I walked into my first summer outreach program of the year and told the girls, in my best cheerleader voice, “Today we will be learning all about rocks!” The amount of whining and groans I got from my audience of girls ages 9 to 11 was enough to make someone run straight out of the classroom, rocks in tow. I am not a runner in any sense of the word, so I stayed in front of those darling faces and began my lesson, all about rocks. As a group we went over the descriptions of each rock category:
• Metamorphic Rocks are typically rough to touch, have visible layers, and streaks of colors.
• Sedimentary Rocks are typically rough to touch, dusty, and sandy.
• Igneous Rocks are typically smooth to touch, have small crystals, and have visible air bubbles.
By the time I told the girls that igneous rocks come from liquid rock inside the earth (A.K.A- a volcano), those sweet faces in front of me were hooked! I could tell I had some future geologists on my hands.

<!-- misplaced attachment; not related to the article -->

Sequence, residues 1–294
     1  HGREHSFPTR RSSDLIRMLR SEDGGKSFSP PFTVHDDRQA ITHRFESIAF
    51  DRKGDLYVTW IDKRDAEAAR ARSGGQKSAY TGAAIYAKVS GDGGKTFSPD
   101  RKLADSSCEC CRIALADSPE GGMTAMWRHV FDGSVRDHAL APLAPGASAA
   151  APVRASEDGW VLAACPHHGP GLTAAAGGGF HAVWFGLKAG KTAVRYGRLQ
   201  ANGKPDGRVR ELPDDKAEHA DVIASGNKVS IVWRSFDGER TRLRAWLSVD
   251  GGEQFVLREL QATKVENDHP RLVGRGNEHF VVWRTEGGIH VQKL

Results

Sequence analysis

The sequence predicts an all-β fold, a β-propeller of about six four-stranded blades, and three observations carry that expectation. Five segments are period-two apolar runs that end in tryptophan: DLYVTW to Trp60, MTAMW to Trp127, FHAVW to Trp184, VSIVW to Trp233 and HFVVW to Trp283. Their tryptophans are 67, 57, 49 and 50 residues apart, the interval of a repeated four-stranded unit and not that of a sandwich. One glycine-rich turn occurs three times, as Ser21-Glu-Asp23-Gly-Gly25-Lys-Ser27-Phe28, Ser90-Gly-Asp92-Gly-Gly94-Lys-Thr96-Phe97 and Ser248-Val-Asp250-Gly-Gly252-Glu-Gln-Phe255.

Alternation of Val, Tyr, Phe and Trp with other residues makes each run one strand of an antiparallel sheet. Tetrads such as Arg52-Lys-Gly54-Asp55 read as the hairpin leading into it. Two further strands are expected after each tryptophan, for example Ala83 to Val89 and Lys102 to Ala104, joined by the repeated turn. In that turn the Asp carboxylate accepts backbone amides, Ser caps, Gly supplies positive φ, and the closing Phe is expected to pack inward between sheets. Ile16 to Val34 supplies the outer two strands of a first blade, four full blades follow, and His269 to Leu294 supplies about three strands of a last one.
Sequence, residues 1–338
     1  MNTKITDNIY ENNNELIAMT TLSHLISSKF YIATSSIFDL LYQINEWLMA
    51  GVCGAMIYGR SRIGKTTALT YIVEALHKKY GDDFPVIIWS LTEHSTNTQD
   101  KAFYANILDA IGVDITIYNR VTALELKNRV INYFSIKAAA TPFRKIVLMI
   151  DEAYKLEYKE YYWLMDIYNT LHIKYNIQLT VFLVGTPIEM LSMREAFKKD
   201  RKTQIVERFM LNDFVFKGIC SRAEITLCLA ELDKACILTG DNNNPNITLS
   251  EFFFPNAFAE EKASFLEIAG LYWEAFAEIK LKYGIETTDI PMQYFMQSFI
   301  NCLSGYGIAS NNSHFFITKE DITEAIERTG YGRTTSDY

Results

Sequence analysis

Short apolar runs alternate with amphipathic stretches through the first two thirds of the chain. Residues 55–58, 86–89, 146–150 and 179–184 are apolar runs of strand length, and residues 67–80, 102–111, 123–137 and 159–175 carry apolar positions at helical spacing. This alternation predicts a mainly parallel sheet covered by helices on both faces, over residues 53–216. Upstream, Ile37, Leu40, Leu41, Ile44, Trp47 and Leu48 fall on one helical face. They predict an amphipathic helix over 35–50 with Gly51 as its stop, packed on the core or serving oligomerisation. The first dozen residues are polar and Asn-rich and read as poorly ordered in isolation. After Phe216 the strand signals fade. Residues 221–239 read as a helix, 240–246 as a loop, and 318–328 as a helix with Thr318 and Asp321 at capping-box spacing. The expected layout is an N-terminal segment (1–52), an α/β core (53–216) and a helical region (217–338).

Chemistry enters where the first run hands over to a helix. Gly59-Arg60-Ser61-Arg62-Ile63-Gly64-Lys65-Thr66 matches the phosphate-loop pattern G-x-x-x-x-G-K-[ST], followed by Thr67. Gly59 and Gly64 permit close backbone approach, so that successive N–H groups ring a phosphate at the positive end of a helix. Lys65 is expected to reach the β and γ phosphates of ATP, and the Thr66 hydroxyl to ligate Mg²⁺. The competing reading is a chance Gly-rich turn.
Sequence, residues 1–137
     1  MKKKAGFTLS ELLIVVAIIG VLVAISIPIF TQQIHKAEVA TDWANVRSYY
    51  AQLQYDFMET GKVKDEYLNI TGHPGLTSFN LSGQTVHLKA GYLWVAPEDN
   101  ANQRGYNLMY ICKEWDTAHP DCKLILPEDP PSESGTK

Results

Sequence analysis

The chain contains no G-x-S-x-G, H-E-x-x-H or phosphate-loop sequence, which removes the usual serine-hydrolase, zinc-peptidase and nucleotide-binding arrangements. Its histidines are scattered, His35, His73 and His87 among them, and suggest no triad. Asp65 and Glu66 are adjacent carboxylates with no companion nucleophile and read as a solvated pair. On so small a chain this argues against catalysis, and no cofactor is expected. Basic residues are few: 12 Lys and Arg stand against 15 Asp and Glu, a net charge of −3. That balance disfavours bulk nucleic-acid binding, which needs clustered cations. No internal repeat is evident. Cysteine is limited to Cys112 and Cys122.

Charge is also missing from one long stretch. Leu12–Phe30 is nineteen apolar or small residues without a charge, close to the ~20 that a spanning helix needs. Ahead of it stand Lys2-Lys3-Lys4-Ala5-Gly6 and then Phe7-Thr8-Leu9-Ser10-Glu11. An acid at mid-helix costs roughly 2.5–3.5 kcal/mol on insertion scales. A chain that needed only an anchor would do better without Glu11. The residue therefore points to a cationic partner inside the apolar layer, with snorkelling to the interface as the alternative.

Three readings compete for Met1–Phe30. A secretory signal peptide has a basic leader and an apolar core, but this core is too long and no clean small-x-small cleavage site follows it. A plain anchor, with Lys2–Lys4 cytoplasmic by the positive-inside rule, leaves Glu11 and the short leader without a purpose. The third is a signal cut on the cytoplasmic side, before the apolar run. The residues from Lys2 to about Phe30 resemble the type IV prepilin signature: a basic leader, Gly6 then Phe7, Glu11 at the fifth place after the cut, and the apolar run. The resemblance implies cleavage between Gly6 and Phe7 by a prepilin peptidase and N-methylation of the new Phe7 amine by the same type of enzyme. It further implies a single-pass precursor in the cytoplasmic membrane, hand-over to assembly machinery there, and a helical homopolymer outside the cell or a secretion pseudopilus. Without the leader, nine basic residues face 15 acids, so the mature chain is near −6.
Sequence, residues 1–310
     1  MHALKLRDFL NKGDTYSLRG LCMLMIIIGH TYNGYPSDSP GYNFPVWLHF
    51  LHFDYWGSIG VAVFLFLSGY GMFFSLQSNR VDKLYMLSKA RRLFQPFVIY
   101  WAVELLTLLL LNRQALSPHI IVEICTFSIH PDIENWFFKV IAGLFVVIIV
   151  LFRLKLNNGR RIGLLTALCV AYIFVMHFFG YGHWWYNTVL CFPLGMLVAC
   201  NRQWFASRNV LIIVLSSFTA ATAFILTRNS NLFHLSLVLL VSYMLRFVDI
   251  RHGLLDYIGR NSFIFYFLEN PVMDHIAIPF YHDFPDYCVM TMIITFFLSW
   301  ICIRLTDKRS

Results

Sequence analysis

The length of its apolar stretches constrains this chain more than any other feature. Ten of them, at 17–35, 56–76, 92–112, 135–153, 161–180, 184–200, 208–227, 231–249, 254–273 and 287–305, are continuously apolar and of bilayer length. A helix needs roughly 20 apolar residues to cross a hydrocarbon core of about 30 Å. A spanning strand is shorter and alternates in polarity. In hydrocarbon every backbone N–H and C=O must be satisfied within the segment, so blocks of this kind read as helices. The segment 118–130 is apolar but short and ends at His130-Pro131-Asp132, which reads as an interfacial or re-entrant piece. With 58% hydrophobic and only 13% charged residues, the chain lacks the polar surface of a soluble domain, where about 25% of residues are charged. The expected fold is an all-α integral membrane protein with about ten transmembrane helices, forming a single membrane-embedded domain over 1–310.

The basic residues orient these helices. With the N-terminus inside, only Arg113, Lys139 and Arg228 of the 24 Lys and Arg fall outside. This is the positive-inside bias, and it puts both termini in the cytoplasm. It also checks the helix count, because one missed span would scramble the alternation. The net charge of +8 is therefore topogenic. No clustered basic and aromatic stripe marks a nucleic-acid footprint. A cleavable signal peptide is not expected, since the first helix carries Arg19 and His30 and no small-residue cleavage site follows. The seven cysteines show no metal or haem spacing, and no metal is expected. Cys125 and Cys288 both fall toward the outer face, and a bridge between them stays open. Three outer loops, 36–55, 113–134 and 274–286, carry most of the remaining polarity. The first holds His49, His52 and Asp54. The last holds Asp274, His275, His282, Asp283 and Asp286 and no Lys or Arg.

I passed out a Girls Inc. magnifying glass to each girl and gathered everyone around a table to begin a rock hunt. Using the rocks from a rock kit, the girls had about 1-2 minutes to spend classifying each rock. They were advised to use three of their five senses–sight, sound, and touch–to decide which category their rock belonged in.
The best moments of each program came during the rock hunt when the girls would exclaim, “Miss Ashley, I found a rock inside this rock–that must mean it’s sedimentary!” Or, “Oh my gosh there IS a crystal in this rock, so it’s igneous!” Hearing the girls use the correct terms and watching the girls examine rocks with magnifying glasses was enough to make me want to go back to school to become a geologist!
As an educator and a child advocate, seeing girls of all ages excited about science in any form is exciting. As women we have to continue to support and encourage young females to lead the way into the science field, whether as a geologist, architect, or web designer–there are whole career fields out there waiting to include more and more females.